How to Support Instead of Solve

Are you a problem-solver? When your spouse comes to you with an issue, are you quick to offer a solution?

This can be a very positive trait in many areas of life. You’re action-oriented and aren’t one to wallow around in excuses or blame.

Have you ever been caught off guard by a negative reaction from your partner in response to your suggested solution? You probably thought (or said), “I was just trying to help!” and maybe felt a little hurt or annoyed yourself.

The thing is, sometimes a solution isn’t what your partner wants, or needs, or is ready for. So what do you do when they come to you in crisis or to share an issue or problem?

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6 Steps to Make Relationship Goals Reality

Let’s talk about relationship goals. No, not the vague social media hashtag, but the actual specific goals that you and your partner have for your own unique relationship. And that’s where it can get hard – putting your good intentions into real action instead of just remaining vague and abstract ideas of what you should or could be.

The CHANGE Model gives you concrete steps to help you develop an action plan for your relationship goals:

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5 Reasons 2020 Was Good for Relationships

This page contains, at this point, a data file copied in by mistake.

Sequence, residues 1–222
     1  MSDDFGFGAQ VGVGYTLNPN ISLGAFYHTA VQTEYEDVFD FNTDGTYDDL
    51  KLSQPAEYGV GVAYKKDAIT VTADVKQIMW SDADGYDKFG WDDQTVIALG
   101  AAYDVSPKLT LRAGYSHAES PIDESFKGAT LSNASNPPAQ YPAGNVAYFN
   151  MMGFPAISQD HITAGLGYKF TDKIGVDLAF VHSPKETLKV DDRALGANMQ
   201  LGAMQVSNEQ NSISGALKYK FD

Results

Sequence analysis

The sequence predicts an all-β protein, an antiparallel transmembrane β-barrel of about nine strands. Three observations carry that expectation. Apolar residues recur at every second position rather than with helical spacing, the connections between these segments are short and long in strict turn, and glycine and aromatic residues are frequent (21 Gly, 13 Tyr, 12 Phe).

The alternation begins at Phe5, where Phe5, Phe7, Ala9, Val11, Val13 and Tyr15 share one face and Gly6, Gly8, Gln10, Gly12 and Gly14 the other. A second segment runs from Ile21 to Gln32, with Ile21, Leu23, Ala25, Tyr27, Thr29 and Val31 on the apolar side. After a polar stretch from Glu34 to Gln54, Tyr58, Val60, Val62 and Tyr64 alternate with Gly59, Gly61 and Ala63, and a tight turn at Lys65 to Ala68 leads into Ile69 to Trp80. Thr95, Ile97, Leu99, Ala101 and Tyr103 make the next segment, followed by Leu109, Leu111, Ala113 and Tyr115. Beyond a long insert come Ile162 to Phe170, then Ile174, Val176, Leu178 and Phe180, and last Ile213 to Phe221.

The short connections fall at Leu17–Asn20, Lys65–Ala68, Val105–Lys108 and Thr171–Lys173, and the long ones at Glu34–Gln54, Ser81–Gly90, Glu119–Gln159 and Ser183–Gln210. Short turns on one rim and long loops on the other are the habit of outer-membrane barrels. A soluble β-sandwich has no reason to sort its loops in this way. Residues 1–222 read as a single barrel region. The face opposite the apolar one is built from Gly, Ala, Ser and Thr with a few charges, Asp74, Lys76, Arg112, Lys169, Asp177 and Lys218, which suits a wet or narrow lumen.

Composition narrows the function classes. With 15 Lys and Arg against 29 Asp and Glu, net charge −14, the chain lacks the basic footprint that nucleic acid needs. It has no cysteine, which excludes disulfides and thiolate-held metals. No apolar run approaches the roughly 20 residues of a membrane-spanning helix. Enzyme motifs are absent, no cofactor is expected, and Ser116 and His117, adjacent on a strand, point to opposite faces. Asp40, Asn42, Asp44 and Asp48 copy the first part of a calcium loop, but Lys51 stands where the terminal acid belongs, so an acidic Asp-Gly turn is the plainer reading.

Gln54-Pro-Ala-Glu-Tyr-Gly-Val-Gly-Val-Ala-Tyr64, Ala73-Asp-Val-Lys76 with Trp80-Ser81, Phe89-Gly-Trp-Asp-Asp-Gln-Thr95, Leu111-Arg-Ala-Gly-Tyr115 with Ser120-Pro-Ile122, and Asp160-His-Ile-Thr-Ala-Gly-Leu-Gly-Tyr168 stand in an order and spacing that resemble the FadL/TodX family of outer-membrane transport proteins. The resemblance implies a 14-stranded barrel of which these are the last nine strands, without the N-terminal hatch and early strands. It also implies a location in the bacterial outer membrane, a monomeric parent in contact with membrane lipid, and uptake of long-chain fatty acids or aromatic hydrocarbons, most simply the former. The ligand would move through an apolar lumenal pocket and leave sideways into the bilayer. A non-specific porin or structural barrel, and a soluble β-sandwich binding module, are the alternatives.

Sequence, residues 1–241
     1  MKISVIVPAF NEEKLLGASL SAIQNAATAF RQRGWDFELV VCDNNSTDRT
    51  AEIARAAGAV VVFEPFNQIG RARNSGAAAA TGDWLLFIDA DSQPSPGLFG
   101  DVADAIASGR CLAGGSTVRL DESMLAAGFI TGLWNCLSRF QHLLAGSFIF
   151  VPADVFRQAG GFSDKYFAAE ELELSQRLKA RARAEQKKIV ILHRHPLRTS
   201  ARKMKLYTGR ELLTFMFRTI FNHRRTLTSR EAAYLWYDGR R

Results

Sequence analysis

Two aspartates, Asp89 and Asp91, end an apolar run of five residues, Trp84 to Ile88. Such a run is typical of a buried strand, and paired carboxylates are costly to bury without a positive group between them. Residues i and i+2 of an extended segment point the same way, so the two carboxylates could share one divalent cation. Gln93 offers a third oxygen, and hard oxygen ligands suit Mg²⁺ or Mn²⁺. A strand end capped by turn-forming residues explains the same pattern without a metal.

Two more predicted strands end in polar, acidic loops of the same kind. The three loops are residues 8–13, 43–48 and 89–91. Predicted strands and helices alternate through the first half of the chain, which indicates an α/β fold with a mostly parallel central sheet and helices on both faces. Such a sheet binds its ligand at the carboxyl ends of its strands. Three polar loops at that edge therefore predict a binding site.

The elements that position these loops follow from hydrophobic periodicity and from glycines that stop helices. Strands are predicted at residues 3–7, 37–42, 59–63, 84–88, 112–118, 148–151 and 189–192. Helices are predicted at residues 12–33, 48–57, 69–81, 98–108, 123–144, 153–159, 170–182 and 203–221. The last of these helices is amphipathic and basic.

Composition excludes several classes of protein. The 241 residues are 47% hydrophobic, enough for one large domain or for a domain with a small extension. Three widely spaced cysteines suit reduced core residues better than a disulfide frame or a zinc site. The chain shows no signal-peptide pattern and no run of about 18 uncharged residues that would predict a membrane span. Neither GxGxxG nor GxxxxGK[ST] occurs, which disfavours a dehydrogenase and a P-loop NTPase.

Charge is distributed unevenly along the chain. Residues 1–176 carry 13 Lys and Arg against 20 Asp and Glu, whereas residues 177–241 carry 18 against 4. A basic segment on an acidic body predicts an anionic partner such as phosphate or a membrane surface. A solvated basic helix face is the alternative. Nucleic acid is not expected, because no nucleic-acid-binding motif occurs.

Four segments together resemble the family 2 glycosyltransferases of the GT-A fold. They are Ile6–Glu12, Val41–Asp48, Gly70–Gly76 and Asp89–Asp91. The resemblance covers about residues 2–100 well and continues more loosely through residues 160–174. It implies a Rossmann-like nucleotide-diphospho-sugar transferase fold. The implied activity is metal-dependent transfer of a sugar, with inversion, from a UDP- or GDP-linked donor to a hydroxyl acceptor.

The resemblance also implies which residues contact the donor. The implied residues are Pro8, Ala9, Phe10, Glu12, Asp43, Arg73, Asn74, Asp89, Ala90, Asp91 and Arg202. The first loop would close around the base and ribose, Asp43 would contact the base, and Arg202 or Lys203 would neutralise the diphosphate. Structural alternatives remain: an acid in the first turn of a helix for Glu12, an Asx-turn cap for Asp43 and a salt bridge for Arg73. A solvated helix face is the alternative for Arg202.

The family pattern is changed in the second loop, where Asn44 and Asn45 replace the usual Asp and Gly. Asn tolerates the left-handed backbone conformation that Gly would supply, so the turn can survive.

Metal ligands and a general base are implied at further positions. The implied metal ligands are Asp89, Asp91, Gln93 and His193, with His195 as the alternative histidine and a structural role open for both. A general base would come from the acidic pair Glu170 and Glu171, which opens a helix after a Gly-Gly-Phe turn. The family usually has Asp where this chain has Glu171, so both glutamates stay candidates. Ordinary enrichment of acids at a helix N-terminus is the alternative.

This might sound crazy, but we’re going to put it out there: 2020 has been good for our relationships. Not just our relationship as a couple, but all of the meaningful relationships in our lives. Don’t get us wrong, it also put them to the test. We experienced tension, terse words, and probably a few arguments thrown in there, too. But we’ve now been in this long enough that we can pull back a bit and see things through a broader perspective.

Here are some of the positive effects on relationships we experienced this year.

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4 Ways to Support Your Spouse Through Hardship

Tough times are eventually going to find you, it’s inevitable. Life has a way of interjecting adversity despite all we do to try and prevent it. Sometimes, it’s trivial and throws you off for a few weeks, and sometimes it’s life-changing and gives you a new perspective on just about everything.

When bigger adversity challenges you and your partner together, as a couple, there can be a “we’re in this together” bond that is pretty powerful and can give you the momentum to push through the difficult time. However, when something happens to you or your partner separately, it can feel very isolating, even though it’s likely that you’re both significantly affected by it. Tough times that fall into this category can vary greatly, but examples would be a health diagnosis or a job loss. 

In the case where it’s just happening to one of you, it’s really important to remember that even though it may feel as though it’s only happening to the one person, it’s really impacting both of you.

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